A scholarship supports your education, and most schools will look at certain things to see if you qualify. Often, schools will look at transcripts, standardized test scores, and a student’s grade point average (GPA), and it’s a standard way of measuring academic achievement in the United States. While many universities base scholarships on GPA, there are thousands of scholarships available for other reasons including aid for people from certain backgrounds, extracurricular interests or excellence, and those with unique or particular academic goals.
Since the status quo has been granting scholarships on GPA, however, many are concerned with the bottom line. “What is the lowest GPA to get a scholarship?”
It’s a myth that only students with a 4.0 GPA or students who graduated valedictorian of their class can get a scholarship. Scholarships accepting a GPA in the 3.0-3.4 range do exist; it will just take some extra hunting. In addition, there are actually scholarships that don’t require your GPA at all.
To entice students who don’t see college as part of their future, some organizations are taking steps to ensure that all high school students are eligible for scholarships. One such organization is a nonprofit called The College Board, which rewards initiative and effort versus merit. In fact, it’s open to all students and doesn’t require a minimum GPA. The program favors low-income youth, and at least half of the scholarship funds are designated for students whose families earn less than $60,000 annually. This particular scholarship is open to all 2020/2021 college students, regardless of citizenship.
Furthermore, since The College Board Opportunity Scholarship challenges the typical scholarship process because it doesn’t require a minimum GPA, it appeals to those who increasingly question the cost of education. The program awards scholarships ranging from $500-$40,000 based on a six-step process of completing the requirements for applying for college, including practicing for the SAT and trying to improve scores. The College Board is the nonprofit group that administers the SAT test after all.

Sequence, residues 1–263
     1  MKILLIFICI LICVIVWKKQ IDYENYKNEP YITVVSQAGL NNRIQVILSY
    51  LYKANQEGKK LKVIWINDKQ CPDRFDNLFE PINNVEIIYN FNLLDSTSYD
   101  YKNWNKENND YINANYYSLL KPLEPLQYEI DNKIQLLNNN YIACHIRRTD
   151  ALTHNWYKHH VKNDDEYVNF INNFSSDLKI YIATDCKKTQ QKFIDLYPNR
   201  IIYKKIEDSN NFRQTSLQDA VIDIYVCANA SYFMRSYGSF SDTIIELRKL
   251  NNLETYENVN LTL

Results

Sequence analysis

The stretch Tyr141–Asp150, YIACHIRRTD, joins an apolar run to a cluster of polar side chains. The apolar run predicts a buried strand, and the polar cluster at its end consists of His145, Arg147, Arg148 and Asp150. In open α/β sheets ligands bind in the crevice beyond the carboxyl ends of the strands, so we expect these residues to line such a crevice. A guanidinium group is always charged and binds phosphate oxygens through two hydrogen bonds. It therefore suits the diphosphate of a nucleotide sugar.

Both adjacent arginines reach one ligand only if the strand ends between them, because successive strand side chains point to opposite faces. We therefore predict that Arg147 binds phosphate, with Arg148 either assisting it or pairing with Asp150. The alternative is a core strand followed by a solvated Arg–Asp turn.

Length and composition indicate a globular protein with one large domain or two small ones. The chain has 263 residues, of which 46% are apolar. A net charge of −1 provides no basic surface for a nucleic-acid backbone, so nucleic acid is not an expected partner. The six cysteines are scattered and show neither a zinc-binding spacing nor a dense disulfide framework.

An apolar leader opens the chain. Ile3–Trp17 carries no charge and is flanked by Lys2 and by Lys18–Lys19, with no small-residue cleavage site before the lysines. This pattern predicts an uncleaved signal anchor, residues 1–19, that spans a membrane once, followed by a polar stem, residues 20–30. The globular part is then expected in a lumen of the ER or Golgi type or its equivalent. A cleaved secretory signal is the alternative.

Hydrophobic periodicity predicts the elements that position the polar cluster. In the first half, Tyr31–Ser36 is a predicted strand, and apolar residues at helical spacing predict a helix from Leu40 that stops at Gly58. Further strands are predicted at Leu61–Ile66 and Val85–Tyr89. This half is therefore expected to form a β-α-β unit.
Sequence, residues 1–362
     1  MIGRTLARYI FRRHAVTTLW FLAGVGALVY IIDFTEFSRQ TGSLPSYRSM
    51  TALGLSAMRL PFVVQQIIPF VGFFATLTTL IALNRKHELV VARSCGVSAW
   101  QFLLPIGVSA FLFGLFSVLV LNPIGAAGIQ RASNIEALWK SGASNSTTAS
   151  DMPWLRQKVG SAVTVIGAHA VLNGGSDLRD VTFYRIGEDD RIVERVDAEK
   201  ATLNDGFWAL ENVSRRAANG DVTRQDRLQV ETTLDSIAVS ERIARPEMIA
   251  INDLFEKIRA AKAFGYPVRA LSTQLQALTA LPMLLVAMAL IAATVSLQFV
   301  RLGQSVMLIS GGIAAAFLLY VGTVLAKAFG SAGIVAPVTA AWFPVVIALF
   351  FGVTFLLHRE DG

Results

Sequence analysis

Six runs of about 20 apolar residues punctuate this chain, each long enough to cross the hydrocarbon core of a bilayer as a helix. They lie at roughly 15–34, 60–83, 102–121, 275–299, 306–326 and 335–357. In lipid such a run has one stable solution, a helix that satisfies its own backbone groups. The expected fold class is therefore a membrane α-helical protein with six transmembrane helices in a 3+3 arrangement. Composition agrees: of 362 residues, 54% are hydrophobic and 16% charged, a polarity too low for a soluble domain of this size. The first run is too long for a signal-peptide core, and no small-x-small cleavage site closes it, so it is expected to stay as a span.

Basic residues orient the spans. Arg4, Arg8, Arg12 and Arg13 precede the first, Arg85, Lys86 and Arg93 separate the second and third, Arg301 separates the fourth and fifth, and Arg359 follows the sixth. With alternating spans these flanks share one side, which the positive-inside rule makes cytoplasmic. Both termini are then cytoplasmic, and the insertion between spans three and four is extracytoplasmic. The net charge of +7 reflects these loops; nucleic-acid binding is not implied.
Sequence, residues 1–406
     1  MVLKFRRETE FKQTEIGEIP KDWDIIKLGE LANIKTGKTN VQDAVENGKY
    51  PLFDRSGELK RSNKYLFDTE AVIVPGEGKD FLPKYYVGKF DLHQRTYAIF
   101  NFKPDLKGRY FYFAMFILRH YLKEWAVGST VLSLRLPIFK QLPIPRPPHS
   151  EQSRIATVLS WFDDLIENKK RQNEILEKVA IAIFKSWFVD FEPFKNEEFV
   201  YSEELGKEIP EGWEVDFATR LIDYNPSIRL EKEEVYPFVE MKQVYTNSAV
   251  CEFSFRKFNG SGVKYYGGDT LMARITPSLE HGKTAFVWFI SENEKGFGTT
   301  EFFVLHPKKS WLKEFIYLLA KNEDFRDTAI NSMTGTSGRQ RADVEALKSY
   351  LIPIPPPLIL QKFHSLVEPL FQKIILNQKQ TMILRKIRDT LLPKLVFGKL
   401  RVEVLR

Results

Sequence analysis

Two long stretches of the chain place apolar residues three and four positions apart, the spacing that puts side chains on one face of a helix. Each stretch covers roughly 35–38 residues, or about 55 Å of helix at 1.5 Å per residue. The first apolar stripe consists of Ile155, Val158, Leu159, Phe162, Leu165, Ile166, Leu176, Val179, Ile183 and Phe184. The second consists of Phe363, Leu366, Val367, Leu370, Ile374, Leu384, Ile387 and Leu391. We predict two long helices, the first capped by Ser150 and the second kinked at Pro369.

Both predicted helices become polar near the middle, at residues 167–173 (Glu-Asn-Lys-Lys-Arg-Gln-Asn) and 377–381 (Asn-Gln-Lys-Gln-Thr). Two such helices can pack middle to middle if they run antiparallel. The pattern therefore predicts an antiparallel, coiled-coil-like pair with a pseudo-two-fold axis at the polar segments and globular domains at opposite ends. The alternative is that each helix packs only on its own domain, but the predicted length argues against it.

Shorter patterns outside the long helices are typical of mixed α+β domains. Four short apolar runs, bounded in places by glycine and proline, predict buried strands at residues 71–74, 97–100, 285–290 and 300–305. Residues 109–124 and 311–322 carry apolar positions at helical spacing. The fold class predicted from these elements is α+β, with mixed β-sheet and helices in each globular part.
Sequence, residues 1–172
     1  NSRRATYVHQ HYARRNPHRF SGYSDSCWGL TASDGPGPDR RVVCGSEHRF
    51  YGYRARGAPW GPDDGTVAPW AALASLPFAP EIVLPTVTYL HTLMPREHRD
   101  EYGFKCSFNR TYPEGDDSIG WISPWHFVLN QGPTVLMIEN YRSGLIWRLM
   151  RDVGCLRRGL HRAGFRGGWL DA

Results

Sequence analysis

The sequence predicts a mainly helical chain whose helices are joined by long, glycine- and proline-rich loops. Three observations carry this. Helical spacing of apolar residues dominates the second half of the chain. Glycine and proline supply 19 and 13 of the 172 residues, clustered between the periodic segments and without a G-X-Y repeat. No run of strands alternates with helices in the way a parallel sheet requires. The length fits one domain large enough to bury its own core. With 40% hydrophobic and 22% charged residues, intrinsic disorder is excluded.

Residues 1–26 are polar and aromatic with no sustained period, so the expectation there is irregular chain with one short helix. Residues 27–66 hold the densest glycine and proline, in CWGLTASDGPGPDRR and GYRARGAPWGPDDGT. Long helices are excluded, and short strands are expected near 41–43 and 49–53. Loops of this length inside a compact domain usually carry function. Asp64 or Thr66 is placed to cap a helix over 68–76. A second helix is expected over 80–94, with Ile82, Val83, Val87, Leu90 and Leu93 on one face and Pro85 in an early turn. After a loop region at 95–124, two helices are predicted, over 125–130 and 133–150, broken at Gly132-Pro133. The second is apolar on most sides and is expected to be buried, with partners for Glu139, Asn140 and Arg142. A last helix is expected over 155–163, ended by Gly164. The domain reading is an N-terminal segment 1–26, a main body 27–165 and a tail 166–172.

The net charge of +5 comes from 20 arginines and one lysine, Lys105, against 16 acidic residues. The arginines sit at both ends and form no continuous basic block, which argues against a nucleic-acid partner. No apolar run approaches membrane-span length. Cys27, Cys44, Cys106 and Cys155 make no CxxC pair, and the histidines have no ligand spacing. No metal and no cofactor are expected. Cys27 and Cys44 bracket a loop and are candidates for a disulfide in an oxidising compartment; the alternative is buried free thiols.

Searching for scholarships will take some time and will require some organization, but the payoff can be enormous. There are countless free scholarship search tools online and even mobile apps to help with the process. Each scholarship will have application requirements, but sometimes information overlaps, so students can use some of the same materials to apply to several different scholarships. In addition, some scholarship databases or directories will have other bonus information like overviews of particular majors students might be interested in.
Looking into local scholarships could be a good option for students as well. Local scholarship amounts tend to be less, but the pool of applicants is too. School guidance counselors are good resources because they continually work with students to find scholarships and there may be resources available that are unique to a location. In this instance, GPA may be less important as well. Every penny counts and even small scholarship awards of $1000 or less are significant when paying for school.
Local scholarships could also be found through apprenticeship. Many high schools have academic and career planning courses or apprenticeship programs available while students are still in high school. Typical apprenticeships are one- or two-year programs that combine school and work-based learning. Students sometimes work with professionals in a field while earning high school credits and sometimes even earn an hourly wage. Youth apprenticeship partners are a good example of local supporters of education, and potential scholarship opportunities could exist there. Agriculture, finance, health services, manufacturing and construction are some industries where opportunity may exist.
It’s evident that the answer to the question, “What is the Lowest GPA to Get a Scholarship?” is not super cut and dry, but that’s a good thing. Opportunities are out there for students. Varying situations, new programs and incentives are available all the time. If students and their families take the time to commit themselves to finding scholarship opportunities, getting scholarship awards to pay for college could be a reality.